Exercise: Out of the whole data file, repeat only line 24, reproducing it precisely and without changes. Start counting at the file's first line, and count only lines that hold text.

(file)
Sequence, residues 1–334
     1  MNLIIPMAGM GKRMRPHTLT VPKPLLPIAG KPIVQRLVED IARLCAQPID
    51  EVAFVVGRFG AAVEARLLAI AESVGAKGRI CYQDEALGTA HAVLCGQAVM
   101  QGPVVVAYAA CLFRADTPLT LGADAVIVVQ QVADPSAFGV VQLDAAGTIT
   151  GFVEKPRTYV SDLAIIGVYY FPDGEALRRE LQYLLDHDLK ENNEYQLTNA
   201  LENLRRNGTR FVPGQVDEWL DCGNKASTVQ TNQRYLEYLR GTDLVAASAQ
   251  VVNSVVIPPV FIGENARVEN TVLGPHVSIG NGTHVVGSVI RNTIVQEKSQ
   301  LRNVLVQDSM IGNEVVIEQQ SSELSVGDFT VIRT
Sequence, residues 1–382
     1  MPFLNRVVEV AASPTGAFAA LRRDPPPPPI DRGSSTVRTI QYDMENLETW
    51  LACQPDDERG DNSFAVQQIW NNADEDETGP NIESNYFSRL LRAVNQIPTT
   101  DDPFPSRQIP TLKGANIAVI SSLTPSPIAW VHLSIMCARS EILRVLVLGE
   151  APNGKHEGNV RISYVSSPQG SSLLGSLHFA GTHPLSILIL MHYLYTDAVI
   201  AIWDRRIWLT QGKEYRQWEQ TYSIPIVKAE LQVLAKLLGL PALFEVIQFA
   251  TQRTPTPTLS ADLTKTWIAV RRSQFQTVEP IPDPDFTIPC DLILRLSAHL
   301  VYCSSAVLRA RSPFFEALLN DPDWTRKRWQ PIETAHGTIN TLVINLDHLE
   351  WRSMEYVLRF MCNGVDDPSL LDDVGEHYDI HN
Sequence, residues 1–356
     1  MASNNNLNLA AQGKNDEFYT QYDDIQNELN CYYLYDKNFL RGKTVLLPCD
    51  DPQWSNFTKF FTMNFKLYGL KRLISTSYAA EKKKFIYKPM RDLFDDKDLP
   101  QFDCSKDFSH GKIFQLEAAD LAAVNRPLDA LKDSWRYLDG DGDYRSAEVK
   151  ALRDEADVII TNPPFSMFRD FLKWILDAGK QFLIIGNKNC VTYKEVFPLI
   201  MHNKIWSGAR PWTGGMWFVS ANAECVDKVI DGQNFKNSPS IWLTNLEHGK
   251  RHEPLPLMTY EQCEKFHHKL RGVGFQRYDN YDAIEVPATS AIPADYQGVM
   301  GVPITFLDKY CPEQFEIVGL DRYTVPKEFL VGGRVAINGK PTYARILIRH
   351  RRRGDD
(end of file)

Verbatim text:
   251  RHEPLPLMTY EQCEKFHHKL RGVGFQRYDN YDAIEVPATS AIPADYQGVM